The Story: Three sailors – romantic Gaby, down-to-earth Chip and clownish Ozzie are on shore leave in New York City. During a subway ride, Gaby falls in love with a picture of Miss Turnstiles. This event leads the guys on an adventure to find her. Roaming around the city as far as the museum of Natural History and Coney Island, the other two also find love. Nancy Walker plays the cab driver. From this play New York, New York and Some Other Time became jazz standards.
Jazz History: American involvement in World War II, which began on December 11th, 1941 marked a decline in the importance of big bands in popular music. Many musicians were sent to fight in the war, and those who remained were restricted by high taxes on gasoline. By the time the ban on recording was lifted, big bands had practically been forgotten, or had begun to be thought of as peripheral in relation to vocal stars such as Frank Sinatra.
The fall of the Big Band began on August 1, 1942 when the American Federation of Musicians initiated a strike against all major recording companies because of a disagreement over royalty payments. No union musician could record. The effects of the strike include the shrouding of the developments of bebop in mystery. There are few documents that can provide evidence of what the early forms of the music sounded like.
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Jaki (John) Byard was born on June 15, 1922 in Worcester, Massachusetts and began playing professionally at age 15. Adept not only on the piano, he played trumpet and saxophone among other instruments. After serving in WWII he toured with Earl Bostic in the late 40s, based himself in Boston and had his recording debut with Charlie Mariano in 1951.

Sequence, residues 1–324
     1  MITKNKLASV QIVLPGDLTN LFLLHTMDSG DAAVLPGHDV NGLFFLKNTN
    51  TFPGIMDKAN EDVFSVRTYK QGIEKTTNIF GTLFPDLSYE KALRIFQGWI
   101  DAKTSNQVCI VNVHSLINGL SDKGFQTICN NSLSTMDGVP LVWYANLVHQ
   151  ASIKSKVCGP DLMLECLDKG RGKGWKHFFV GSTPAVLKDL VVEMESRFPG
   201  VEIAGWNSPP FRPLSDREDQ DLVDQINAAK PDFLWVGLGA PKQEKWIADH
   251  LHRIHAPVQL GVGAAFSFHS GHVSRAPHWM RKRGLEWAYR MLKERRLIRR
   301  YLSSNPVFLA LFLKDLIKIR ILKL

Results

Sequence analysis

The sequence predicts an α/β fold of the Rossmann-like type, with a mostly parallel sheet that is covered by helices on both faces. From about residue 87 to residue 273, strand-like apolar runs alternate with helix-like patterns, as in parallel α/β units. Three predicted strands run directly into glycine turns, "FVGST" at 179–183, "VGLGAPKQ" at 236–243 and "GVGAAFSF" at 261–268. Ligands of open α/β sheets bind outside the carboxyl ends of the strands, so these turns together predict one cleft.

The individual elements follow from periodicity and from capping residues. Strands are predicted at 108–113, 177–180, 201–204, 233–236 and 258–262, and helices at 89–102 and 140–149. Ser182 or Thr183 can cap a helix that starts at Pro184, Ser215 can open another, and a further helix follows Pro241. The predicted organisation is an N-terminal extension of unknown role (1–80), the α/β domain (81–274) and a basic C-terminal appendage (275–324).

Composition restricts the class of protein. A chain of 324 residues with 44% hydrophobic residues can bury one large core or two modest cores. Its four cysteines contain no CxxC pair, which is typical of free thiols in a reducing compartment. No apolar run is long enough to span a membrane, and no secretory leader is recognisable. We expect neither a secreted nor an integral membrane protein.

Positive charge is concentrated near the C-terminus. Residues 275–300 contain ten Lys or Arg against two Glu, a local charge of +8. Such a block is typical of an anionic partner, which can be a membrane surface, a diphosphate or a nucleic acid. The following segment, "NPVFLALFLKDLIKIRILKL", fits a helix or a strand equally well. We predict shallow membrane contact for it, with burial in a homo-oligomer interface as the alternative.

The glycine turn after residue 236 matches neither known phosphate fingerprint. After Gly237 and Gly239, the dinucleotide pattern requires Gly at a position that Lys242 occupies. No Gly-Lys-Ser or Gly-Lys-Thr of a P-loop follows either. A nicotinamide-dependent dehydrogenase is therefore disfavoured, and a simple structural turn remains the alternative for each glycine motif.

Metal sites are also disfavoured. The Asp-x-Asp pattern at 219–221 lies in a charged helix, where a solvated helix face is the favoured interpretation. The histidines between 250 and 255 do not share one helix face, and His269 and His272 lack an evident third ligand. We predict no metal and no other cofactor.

Known for his eclectic style, Byard added everything from ragtime to free jazz in his delivery. Through the fifties and into the sixties he was a member of Herb Pomeroy’s band followed by a stint with Maynard Ferguson.
Moving to New York, Byard recorded extensively with Charles Mingus from 1962 to 1964 and in 1970, touring Europe with him in 1964. He also made important recordings as a sideman with Eric Dolphy, Booker Ervin and Sam Rivers.
As a leader, he recorded a string of albums for the Prestige label during the 1960s and fronted an occasional big band, the Apollo Stompers. He taught at the New England Conservatory, Manhattan School of Music, Hartt School of Music, and the New School for Social Research.
Jaki Byard was shot dead on February 11, 1999 in New York City. The circumstances surrounding his death have not been determined. Phil Woods described him as “one of the most compelling and versatile pianists in jazz”.